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But then… “that” student

25 Aug

In my last post, I talked about one student who had a successful year and grew quite a lot in his mathematical ability and engagement.  I also thought about another student for whom things didn’t go so well.  Those are the ones who pull at your heartstrings, aren’t they?  You try, but you don’t reach them, and you spend a long time wondering why and what you could have done differently.

This young man (let’s call him John) was always a mystery to me.  He was a delightful kid every morning when he came into the classroom.  He greeted me cheerfully, told me a story about his weekend, even brought me little trinkets like a cool rock he found in the yard.  As soon as a lesson started, though, he would talk to those around him and shred his papers and supplies into little piles of trash in his desk.  I try very hard to have many more positive interactions with kids than negative ones.  I really believe in this.  However, I rarely had positive interactions with John outside of our morning hellos.  I was almost always asking him to get a pencil, find his supplies, move to this seat and that so he wouldn’t talk to his neighbors, or write something down so I could see what he knew.  I would fill out his point sheet at the end of the day and really try to think of something positive that happened, but on so many days there just wasn’t much that went well.  He did almost no mathematical thinking, the whole time he was in my class.  I still don’t know if he has any sense of fractions or percents or negative numbers.  He never showed me.  He wrote what seemed to be random numbers on most parts of his assessments, or argued with the paraprofessional and didn’t finish them.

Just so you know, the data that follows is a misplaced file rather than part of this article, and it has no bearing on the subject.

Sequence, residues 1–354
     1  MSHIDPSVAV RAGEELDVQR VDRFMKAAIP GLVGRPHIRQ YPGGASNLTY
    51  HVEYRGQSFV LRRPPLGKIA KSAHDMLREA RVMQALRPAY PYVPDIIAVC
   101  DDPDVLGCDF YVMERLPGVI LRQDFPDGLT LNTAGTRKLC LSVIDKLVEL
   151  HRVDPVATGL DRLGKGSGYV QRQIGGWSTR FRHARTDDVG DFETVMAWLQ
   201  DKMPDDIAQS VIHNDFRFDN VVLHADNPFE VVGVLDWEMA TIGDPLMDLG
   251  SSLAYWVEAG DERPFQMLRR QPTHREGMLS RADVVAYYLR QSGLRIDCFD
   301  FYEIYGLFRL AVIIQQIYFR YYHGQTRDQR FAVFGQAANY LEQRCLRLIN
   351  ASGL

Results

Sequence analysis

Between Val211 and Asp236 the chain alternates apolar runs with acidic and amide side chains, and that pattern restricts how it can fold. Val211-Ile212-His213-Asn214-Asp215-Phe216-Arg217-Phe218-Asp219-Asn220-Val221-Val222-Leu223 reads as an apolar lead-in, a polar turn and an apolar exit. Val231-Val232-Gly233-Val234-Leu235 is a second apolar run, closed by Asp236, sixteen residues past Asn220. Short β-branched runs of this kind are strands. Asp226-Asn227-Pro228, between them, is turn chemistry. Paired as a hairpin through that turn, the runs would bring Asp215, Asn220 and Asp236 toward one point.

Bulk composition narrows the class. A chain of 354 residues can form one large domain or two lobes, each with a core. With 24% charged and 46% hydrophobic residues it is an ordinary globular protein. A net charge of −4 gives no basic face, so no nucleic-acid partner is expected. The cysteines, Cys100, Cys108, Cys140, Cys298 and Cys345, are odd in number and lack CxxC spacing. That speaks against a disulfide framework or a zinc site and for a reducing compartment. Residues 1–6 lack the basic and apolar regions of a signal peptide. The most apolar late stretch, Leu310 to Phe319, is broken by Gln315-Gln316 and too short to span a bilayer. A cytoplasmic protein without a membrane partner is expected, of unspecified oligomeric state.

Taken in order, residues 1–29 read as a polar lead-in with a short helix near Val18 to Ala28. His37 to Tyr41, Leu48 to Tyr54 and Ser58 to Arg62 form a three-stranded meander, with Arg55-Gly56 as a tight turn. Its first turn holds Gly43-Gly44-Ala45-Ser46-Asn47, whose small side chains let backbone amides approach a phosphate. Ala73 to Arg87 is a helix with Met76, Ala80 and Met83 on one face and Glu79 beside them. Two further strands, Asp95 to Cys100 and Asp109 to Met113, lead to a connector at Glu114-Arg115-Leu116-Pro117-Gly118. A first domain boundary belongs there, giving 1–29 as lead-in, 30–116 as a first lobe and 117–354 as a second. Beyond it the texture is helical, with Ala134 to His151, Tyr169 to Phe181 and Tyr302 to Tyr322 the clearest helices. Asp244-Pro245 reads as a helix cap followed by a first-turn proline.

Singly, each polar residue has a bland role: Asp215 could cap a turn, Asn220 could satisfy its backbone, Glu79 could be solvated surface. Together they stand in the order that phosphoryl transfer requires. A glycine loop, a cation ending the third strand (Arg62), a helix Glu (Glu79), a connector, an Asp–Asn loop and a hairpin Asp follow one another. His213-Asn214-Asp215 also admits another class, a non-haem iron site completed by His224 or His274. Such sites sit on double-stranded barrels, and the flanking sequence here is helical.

There were factors that made it harder to work with him… the class was a needy one, and many kids were needy but also hard workers – I can look back and tell I avoided helping John on many days, because I could help another kid who was eager and willing and not spend ten minutes with John to try and get him to put pencil to paper.  The class was big, and I had chatty kids – I couldn’t turn my teacher eyes off of them long enough to make any headway with John.  It took a very long time to get anything done with him even when he was in the mood to work, which was rare.

We had a couple of meetings with his parents, and they ended with a commitment from him to try harder, but nothing ever changed for long.  I remember one conversation I had with John’s case manager in the hall.  She was almost in tears.  She had poured time and emotion and so much hard work into his education, and he fought and fought her.  He demanded attention, acted out, and made it hard for her to work with kids who were engaged in their education.  She had tried really hard to build a relationship with him and she was exhausted.

John did not make any measurable academic growth, and I still think and think about it.
What could I have done differently?  What would you have done?

One failing on my part, I think, was that I leaned on his case manager and paraprofessional too much.  I really should have scheduled some one-on-one time with him after school or during my planning time, to work with him on math when I wasn’t distracted by having a class in the room.  With kids in Special Education, I always know they have a case manager who will go to bat for them, so I sometimes do less to advocate for them – I pass off the responsibility.  John’s case manager was as devoted as they come, but there’s no substitute for just sitting down with a kid yourself and talking about math.

What do you do with “that” student – the one you aren’t reaching?  How do you turn things around?

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Posted by on August 25, 2012 in Lesson Reflections, Student Stories

 

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